Signs of changing postures on the Nile River: Egypt girds itself to defend Ethiopia’s Blue NIle dam

31 Aug

By Keffyalew Gebremedhin – The Ethiopia Observatory (TEO)

Certainly, times change. History finds lots of reasons and causes to inaugurate new developments. Egypt’s January 25 Revolution was ecstatic. We witnessed power politics in Cairo in the moments leading to the electoral victory of former President Mohamed Morsy. In only a year, he fell victim of the Muslim Brotherhood’s successes and arrogance that sought to take Egypt back in time. Finally, the army threw its lot in the person of Field Marshal Abdulfatah El-Sisi – turned civilian – as a rescuer, consistent with the history of Egypt since 1954.

While I resent the interpretation that Ethiopia has now become beneficiary of the collapse of Mubarak or the Morsy regimes, we see this development healthier so long as it is honest and transparent. It would correct generations of Egyptian intrigues and mistakes, characterized by hardness of attitude and below the radar actions against Ethiopia.

Now I read this latest story like an unbeliever reads a scripture. It is said that Hossam al-Moghazi, Egypt’s Irrigation Minister, is now the new sheriff in Cairo on the side of Ethiopia’s Great Renaissance Dam (GERD).

The Jordanian paper Albawaba quotes the minister stating the hitherto claims of adverse effects of Ethiopia’s dam on Egypt’s share of the Nile water has been exaggerated – the exact word the paper employed is ‘overrated’.

It is not clear whether this is a reversal, a welcome development though, especially if it is also backed by the many Egyptian experts who vociferously disparaged GERD tooth and nail, or simply the Al-Sisi regime’s fiat and a new position for Egypt. I see no harm in hoping that it would silence hostilities between the two countries and allow Ethiopians to benefit from electricity, as source of light and heat in a country where darkness dominates over 80 percent of the country, i.e, with 20 percent coverage.

What does the minister have in his belt to defend this position? He has two arguments: the first is the new study requested by International Panel of Experts (IPoE), which the tripartite meeting of water ministers of the three countries has now approved. Recalcitrant Ethiopia has accepted the decision at the Khartoum meeting last week. The study is expected to be completed by March 2015.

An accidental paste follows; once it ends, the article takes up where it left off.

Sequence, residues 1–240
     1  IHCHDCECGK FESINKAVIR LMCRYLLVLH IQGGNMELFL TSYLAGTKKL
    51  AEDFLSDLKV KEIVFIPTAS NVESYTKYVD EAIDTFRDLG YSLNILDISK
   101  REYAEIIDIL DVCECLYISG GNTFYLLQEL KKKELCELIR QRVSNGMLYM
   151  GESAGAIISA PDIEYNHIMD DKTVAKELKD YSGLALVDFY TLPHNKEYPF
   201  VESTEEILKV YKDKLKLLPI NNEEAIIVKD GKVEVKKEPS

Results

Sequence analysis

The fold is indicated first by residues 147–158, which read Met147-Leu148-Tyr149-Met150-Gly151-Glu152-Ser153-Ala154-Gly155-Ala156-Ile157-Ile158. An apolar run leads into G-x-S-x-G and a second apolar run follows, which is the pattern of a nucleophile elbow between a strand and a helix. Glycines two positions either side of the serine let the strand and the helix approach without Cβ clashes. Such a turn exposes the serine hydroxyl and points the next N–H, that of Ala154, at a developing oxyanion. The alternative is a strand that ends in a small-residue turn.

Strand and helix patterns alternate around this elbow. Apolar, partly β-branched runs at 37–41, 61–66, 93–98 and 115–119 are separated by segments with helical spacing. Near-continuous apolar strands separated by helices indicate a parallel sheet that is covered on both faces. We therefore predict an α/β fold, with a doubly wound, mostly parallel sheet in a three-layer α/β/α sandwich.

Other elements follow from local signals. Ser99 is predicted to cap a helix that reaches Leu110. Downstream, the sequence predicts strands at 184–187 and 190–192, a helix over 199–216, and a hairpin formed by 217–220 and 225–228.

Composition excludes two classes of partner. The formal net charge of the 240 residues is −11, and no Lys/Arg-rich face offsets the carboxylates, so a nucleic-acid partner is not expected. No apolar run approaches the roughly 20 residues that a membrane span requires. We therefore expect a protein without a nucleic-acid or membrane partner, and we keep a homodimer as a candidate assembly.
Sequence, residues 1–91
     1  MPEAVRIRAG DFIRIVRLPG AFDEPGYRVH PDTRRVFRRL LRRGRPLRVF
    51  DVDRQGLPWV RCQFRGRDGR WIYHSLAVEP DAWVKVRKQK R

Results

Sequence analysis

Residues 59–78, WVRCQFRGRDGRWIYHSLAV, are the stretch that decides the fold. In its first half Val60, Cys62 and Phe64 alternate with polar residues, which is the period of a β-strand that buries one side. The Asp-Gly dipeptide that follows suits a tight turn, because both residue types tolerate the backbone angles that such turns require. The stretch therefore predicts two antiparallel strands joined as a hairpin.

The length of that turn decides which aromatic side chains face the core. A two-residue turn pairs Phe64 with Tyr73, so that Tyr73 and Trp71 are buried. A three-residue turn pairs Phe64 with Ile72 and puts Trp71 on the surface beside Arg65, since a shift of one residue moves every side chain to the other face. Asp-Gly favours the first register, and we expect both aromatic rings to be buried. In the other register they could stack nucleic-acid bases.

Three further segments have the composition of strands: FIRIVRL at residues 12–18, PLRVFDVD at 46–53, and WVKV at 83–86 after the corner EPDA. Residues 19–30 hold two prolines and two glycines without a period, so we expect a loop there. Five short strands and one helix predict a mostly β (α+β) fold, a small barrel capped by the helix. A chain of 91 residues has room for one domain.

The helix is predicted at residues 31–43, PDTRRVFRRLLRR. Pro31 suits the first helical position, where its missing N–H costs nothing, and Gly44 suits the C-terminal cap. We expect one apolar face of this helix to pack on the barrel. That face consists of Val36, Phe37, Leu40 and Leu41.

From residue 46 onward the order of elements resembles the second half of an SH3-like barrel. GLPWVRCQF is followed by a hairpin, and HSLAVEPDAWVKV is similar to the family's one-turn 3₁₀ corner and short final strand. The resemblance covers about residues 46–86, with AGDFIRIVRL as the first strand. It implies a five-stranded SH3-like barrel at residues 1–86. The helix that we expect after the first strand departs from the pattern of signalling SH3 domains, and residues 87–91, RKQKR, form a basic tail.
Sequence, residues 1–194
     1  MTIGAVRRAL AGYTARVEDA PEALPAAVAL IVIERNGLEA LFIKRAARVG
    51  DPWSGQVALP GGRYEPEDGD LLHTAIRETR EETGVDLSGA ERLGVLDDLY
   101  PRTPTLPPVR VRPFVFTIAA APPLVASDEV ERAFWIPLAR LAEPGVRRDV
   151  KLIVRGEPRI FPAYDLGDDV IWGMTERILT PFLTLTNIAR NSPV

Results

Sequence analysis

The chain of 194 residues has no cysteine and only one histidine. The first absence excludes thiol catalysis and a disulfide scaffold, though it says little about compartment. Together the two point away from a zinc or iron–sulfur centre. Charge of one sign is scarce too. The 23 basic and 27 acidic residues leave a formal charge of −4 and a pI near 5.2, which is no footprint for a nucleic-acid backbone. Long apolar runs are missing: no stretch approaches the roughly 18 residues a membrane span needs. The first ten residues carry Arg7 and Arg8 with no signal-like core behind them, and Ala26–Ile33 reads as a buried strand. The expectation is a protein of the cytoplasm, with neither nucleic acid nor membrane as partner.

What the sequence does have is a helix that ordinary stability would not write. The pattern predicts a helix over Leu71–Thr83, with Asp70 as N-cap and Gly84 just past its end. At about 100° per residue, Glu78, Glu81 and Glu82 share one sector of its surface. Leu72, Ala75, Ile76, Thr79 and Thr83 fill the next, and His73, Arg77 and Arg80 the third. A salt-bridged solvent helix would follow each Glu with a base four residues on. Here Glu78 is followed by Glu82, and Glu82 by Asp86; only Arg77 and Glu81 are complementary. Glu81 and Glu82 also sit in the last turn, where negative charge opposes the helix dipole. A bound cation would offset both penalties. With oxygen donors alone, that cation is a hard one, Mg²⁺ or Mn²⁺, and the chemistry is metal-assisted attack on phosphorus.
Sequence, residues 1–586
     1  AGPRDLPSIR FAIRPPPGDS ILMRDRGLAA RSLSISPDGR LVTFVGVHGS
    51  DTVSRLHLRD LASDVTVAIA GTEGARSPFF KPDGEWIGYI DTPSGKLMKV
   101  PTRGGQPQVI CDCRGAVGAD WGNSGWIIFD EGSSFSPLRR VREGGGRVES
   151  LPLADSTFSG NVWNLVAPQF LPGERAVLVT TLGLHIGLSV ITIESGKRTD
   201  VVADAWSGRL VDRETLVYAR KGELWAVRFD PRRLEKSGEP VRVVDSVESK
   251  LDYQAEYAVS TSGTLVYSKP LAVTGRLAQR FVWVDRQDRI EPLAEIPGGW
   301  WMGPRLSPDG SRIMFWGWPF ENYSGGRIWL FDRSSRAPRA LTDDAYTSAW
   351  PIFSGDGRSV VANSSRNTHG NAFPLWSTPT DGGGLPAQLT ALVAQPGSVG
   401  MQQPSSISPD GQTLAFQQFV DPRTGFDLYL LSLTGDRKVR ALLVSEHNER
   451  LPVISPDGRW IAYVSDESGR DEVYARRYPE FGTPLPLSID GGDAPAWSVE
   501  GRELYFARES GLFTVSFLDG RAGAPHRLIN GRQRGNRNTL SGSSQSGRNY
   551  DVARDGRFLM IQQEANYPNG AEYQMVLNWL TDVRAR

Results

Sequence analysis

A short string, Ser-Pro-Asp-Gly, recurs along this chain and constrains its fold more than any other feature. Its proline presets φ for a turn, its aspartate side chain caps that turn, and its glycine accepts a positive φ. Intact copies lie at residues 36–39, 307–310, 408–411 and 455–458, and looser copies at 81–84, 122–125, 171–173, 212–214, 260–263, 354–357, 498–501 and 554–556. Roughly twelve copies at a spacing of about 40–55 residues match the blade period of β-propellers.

The second presumed insurance the Egyptian minister is the dam’s water storage capacity of 14 billion cubic meters in the first phase of its construction. Of that, he says it would not cause any harm to Egypt and that, as far as the dam’s construction is concerned, it “does not worry us”, according to the paper.

Recall that a day after the Khartoum meeting on August 27, 2014, Minister Moghazi told the Egyptian media that the latest round of talks have solved 85 percent of Egypt’s outstanding problems caused by Ethiopia’s hydroelectric dam. We are now living under a changed time. And the GERD construction work by mid-August reached 35.8 percent.

I tell everyone in secret that Cairo does not acknowledge the dam’s construction work has been in progress and that, barring any hanky-panky under the table deals, Egypt should credit itself for seeing the light and changing its position in time!

At the same time, it is prudent of the minister to tell the media through a statement from his office that Egypt’s approval of the dam is contingent on the forthcoming study. In that regard, he pointed out: “We haven’t mentioned that Egypt has a final agreement on the dam construction, as all three countries have agreed to wait for the results of the international committee that we agreed upon”, according to Ahram Online.

Interestingly, all of a sudden it has become all sunny between Egypt and the Sudan too. Against the disparagement the Sudan has suffered from from Egyptian officials for allying with the TPLF regime, Ahram Online noted that the Egyptian irrigation minister lauded the work the Sudanese minister had accomplished at the Khartoum meeting in last week’s negotiations.

Nonetheless, it is not because we Ethiopians have suspicious nature. But because of the lessons we have learnt in the past several decades, there are likely to be now some nagging questions in the mind of every Ethiopian whether there is secret deal between Ethiopia and Egypt. For all we know, Ethiopia had been resistant for such a study in the past. What made it change its mind now? Why is Egypt’s change of attitude so abrupt? Please tell us!

It is important for Ethiopian officials to be upfront in assuaging such discomforts in citizens, irrespective of whether one perceives the regime favorably or otherwise. Pro-TPLF or anti-TPLF, all the same Ethiopians have a stake in this matter, all Ethiopian agreeing that Ethiopia’s right to benefit from the Nile River is ensured.

Notwithstanding the uncertainty I harbor about willingness and capacity of the TPLF regime to manage the dam for the benefit all citizens and in the most judicious way, as I discussed in May 20111 in Is Ethiopia’s Rendezvous With History Really Arriving, or Are We in Some Fantasy?, GERD is Ethiopia’s title deed on the Nile, the use of whose water by upper riparian states has been the cause of wars over 14 decades ago in Ethiopia, ever since an agenda for water utility prohibition and the subject of disputes and conflicts since the dawn of the 201th century – thanks to Egypt.

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